A British parliamentary report to be published later Tuesday is expected to criticise Rupert Murdoch's son James and senior executives for their handling of phone hacking at the News of the World.
The cross-party committee is however expected to stop short of finding James Murdoch misled parliament about the extent of his knowledge of voicemail hacking at the tabloid, which was shut down in July over the scandal.
The cross-party Culture, Media and Sport Committee will publish its long-awaited report at 1030 GMT.
Its contents have been kept secret, but leaks suggest it will say James Murdoch failed to ask the questions which would have helped determine the true extent of phone hacking.
Murdoch and his father Rupert both gave evidence to the committee last year, with James recalled to give evidence for a second time.
James resigned his role as head of News International, the Murdochs' British newspaper publishing arm, in February but he remains a senior executive at its parent company, News Corp., which his father founded.
When Rupert Murdoch appeared before the committee last July, his wife Wendi intervened when he was attacked by a protester with a shaving foam pie.
The parliamentary committee is reportedly expected to reserve its strongest criticism for Les Hinton, a long-time lieutenant of the Murdochs.
Hinton told lawmakers in 2009 that he was right to have informed them that phone hacking was not widespread at the News of the World.
The Murdochs closed down the tabloid after a public uproar when it was alleged that the paper had hacked into the voicemail of a teenage girl, Milly Dowler, who was later found murdered, as well dozens of public figures.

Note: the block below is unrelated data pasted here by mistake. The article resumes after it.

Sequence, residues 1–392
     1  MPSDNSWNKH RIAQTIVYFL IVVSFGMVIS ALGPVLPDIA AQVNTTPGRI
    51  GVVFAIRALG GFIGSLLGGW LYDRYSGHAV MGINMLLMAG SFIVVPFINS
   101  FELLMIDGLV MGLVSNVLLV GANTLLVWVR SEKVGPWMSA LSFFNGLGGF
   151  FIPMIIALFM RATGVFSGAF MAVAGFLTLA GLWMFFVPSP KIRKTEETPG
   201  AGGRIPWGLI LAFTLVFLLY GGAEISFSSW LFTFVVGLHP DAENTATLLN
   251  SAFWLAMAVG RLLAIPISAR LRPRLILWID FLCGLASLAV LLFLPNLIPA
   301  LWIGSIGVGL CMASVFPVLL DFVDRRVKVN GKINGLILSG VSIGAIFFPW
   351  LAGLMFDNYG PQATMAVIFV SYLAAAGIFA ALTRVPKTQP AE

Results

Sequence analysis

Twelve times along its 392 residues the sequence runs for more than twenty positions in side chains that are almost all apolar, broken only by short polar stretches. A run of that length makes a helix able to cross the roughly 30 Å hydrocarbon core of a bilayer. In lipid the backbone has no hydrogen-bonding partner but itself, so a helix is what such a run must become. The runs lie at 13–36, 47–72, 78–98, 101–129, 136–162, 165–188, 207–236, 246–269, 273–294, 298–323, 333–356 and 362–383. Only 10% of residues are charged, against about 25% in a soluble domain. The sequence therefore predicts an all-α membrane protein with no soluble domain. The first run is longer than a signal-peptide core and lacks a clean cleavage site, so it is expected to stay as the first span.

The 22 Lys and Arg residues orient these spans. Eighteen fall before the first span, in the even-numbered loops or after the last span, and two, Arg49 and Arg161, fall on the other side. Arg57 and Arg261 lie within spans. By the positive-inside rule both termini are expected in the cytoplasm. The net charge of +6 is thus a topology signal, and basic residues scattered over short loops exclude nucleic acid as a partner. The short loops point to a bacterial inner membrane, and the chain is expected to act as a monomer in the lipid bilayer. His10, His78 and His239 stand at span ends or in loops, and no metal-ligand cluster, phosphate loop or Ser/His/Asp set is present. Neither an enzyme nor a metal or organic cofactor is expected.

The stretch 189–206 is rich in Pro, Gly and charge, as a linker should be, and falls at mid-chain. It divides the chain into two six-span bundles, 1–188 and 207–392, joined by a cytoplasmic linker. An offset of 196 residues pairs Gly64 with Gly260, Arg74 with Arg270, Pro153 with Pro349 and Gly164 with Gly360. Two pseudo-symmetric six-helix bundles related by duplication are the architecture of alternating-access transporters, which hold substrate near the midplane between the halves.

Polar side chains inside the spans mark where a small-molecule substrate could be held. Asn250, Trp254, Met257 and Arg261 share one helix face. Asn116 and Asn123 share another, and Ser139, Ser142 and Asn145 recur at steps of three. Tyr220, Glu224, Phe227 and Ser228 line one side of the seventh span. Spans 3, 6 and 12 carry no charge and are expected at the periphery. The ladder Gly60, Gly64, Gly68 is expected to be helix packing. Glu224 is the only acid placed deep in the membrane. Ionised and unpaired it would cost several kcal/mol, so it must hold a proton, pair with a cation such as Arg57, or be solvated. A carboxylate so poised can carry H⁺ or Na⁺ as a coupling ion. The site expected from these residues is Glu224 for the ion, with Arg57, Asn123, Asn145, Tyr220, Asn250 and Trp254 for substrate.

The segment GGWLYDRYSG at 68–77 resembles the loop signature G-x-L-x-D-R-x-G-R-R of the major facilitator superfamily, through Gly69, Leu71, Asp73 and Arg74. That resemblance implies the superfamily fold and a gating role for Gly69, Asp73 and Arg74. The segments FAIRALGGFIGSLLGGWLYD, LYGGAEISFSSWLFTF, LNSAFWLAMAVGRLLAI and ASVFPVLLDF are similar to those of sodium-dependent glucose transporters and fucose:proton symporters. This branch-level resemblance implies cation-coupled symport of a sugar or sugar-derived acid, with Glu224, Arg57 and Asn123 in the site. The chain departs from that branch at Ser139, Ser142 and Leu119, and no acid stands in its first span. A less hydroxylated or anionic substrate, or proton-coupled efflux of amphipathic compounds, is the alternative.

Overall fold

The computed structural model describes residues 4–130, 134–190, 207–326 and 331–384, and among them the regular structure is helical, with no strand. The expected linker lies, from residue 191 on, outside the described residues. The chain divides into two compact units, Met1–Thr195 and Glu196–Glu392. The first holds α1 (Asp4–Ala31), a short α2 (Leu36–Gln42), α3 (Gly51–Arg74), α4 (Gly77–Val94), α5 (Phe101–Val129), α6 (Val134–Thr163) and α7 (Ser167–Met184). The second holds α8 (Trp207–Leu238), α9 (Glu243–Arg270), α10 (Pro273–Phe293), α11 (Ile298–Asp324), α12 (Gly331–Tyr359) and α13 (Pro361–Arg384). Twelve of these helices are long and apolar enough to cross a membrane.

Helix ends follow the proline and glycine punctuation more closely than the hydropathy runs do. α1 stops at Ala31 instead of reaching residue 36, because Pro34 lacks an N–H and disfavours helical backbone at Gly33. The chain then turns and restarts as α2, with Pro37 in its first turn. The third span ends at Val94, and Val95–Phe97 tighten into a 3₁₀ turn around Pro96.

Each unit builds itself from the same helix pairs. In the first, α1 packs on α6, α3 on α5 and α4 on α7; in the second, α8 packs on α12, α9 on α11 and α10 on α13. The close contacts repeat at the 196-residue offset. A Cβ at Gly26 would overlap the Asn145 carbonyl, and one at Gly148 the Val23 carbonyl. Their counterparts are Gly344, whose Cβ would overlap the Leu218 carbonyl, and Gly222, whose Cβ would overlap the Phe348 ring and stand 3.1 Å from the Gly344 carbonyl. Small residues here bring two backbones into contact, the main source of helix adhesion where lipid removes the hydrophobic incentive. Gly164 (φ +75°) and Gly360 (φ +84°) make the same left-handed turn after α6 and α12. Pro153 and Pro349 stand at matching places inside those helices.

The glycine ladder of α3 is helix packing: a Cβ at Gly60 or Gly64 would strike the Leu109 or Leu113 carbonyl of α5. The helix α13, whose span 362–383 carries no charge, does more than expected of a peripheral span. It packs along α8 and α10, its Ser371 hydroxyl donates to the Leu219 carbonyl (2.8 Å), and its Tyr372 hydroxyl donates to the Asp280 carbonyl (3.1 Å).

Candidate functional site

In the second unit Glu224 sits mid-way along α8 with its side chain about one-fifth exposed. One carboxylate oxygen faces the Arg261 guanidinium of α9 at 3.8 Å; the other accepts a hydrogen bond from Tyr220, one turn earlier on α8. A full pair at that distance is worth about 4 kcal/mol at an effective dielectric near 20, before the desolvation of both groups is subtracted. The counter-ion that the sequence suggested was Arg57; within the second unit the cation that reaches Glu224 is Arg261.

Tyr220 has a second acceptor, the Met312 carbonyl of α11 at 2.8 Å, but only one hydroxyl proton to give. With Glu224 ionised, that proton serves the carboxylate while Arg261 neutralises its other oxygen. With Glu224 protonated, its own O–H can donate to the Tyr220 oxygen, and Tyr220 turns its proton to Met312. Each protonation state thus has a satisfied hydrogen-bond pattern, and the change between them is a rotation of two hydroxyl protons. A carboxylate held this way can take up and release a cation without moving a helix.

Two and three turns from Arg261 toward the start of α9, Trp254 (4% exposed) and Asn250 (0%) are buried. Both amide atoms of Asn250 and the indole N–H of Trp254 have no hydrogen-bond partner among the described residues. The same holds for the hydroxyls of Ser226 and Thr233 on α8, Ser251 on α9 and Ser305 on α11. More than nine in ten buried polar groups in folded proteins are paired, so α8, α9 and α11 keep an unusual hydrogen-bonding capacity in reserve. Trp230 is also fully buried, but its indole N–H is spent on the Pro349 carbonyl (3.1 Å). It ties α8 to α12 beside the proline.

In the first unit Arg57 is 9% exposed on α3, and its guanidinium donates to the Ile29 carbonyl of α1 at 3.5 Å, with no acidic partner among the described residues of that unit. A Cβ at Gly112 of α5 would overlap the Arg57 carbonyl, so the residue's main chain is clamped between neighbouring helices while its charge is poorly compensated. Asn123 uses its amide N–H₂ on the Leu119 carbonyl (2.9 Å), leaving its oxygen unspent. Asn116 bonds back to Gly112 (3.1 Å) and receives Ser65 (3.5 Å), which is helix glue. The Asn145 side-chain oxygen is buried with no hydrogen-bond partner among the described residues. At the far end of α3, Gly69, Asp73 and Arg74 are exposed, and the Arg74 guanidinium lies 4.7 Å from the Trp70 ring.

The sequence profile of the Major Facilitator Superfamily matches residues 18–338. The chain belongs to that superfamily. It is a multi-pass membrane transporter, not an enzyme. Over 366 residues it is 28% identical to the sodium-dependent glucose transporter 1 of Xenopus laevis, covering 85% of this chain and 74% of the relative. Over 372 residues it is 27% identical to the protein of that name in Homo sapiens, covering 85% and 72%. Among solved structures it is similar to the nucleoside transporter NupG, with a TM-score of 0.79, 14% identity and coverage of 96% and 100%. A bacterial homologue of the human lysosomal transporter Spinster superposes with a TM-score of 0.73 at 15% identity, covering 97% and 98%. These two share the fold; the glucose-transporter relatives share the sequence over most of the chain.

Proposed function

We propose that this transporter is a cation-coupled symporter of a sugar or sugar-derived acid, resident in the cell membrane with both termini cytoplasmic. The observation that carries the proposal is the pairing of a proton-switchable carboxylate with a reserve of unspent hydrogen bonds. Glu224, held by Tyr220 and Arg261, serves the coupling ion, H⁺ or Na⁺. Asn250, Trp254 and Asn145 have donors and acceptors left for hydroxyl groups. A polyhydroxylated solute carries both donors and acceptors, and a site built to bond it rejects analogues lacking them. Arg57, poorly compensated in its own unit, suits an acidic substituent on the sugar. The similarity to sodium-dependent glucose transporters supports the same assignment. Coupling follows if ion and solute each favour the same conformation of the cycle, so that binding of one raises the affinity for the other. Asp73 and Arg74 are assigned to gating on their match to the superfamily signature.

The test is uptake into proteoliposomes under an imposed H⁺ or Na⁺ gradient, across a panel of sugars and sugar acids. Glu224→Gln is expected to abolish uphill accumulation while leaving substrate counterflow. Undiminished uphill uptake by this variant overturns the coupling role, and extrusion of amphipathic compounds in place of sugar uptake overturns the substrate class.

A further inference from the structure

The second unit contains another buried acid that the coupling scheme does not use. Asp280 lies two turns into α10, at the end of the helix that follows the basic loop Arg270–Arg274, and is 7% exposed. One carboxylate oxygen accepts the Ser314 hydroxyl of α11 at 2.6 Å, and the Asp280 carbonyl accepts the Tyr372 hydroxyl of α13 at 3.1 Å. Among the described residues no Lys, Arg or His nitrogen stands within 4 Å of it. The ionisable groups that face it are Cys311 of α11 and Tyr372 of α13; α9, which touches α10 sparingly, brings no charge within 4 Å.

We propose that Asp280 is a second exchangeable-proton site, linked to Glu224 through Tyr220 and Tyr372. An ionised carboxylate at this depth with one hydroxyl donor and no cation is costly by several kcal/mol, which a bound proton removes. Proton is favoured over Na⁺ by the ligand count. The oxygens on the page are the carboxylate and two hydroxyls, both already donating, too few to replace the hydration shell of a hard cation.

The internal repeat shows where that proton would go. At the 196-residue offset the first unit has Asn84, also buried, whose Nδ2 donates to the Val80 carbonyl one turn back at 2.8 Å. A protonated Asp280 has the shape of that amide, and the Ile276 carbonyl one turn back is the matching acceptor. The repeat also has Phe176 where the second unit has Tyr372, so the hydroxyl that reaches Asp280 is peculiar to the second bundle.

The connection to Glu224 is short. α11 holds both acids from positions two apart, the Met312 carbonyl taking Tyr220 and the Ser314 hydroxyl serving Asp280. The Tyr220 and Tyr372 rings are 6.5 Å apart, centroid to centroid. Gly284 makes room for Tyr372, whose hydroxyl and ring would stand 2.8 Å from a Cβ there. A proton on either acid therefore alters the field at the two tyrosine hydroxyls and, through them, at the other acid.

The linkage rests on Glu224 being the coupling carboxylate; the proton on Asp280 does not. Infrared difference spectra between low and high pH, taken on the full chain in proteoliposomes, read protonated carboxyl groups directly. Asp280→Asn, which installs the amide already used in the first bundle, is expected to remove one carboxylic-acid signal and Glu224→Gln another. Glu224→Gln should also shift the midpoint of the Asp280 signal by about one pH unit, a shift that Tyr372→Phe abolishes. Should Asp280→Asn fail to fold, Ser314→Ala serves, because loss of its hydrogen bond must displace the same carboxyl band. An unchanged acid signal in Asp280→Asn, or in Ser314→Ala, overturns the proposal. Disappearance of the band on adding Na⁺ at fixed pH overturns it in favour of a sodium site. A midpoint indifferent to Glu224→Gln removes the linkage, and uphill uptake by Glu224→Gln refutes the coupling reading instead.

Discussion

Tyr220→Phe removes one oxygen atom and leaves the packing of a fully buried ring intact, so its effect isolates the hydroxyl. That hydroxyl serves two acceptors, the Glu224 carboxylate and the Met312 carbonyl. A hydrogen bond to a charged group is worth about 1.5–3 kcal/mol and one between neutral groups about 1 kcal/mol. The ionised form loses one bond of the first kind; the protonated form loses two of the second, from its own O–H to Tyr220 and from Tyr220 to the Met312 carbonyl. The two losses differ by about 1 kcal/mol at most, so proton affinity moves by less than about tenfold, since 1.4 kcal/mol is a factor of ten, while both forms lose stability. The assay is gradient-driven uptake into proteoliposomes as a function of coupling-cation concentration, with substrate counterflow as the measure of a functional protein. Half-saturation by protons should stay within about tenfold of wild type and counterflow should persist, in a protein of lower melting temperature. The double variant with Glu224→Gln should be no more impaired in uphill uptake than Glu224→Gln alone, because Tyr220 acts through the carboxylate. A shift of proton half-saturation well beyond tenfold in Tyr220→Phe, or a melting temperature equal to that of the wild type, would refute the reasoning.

News Corp. has since paid out millions of pounds in compensation to hacking victims, while more than 40 people have been arrested over hacking and alleged bribery of public officials by staff at the News of the World and The Sun.
The parliamentary committee has had to take care not to cut across the ongoing police investigation.
A reporter at the News of the World and a private investigator were both jailed over phone hacking in 2007 as a result of an earlier criminal investigation, but no one has yet been charged in the current probe.
The parliamentary report is also likely to criticise the News of the World's last editor Colin Myler, and News International's former head of legal affairs Tom Crone, for maintaining the hacking was restricted to one rogue reporter.
When Rupert Murdoch gave evidence to a separate public inquiry into press standards last week, he admitted there was a "cover-up" over phone hacking at the News of the World, but said he too was misled over the scandal.
Murdoch, 81, pointed the finger at a "clever lawyer" at the paper for taking charge of the cover-up.
The accusation drew a furious response from Crone, who said it could only refer to him and branded the charge a "shameful lie".
Murdoch told the standards inquiry last week that the hacking scandal had cost New York-based News Corp. "hundreds of millions of dollars".
He still owns The Sun, The Times and Sunday Times in Britain and the Wall Street Journal and New York Post in the United States.
Prime Minister David Cameron on Monday dismissed opposition calls for an inquiry into culture minister Jeremy Hunt over his handling of the now-abandoned News Corp. bid for full control of satellite broadcaster BSkyB.
Hunt's special adviser, Adam Smith, resigned last week over claims he leaked details to a News Corp. lobbyist about the government's view of its bid to buy the part of the highly profitable BSkyB that it does not already own.
It led to accusations that the government had provided a back channel to News Corp.